At the beginning of my beer sampling days I was heavily into IPAs and Pales. I liked the hoppy bitterness that they carried. A year later I was into Stouts and Porter for their roasted malt profile. Currently, I’ve been enjoying Red Ales. My influences? Matt and Nate, who share in my joy for home brewing. The two of them have been on a quest to perfect a recipe for a Red Ale. During my conversations with them I found myself gravitating towards this style for its rich caramel character and medium to high hopping (depending on country of origin). In my humble estimation Red Ales are one of the most well-balanced beers you can find.
One day I happened upon a lone bottle proudly standing amongst some six packs in the international section. I took a glace and then did a double take. What had I found? Why it was a French Red Ale. Perfect!
Brewed from a traditional farmhouse (so says the label) this beer hit the spot. The beer is unfiltered meaning that there is some yeast left over. Sugar or dry malt is added to the batch before it is bottled to give the yeast something to feed off of while in the bottle (known as bottle conditioning). It has a pleasant red hue with some hazy from the residual yeast. The head was frothy and a slight tan/copper shade leaving rings the entire way down the glass.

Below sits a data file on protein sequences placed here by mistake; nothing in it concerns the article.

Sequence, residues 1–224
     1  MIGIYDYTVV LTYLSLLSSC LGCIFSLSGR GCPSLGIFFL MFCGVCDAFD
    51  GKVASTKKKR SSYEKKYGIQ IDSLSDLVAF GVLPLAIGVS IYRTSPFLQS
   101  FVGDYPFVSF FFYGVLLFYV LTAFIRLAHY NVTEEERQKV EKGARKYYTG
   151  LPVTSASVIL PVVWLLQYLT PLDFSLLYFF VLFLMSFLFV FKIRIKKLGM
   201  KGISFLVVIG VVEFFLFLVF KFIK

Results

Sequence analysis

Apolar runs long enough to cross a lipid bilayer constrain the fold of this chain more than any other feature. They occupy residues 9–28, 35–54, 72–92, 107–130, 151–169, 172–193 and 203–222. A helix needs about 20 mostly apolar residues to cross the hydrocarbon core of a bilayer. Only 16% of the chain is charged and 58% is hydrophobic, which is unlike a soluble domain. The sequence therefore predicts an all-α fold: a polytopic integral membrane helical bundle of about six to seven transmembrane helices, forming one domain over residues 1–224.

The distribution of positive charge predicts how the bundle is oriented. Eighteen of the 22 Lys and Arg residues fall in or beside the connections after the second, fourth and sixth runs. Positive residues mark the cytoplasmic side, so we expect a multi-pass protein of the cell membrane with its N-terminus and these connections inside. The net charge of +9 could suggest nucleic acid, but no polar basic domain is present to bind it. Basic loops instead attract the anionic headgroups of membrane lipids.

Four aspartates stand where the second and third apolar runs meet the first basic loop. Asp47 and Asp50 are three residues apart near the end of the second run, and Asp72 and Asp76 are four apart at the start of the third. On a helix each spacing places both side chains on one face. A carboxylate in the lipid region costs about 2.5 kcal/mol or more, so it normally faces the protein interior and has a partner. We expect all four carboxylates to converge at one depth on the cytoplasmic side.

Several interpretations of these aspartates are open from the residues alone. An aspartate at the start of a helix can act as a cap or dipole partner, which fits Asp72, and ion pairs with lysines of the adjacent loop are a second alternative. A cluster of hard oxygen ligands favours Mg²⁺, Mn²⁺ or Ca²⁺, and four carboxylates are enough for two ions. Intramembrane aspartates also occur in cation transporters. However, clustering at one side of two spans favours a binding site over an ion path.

The aroma was bready, caramely, toasty, and I was picking up what I thought to be some Pils malt. There were definite fruity ale notes and from what I could detect, the hops used were more floral and lower in bitterness than American versions. The taste was great with just enough bitterness to round out the malts. It was higher in carbonation because of the conditioning and I did notice a slight metallic off flavor. This could be oxidation due to sitting in the bottle too long. I enjoyed it and would drink it again.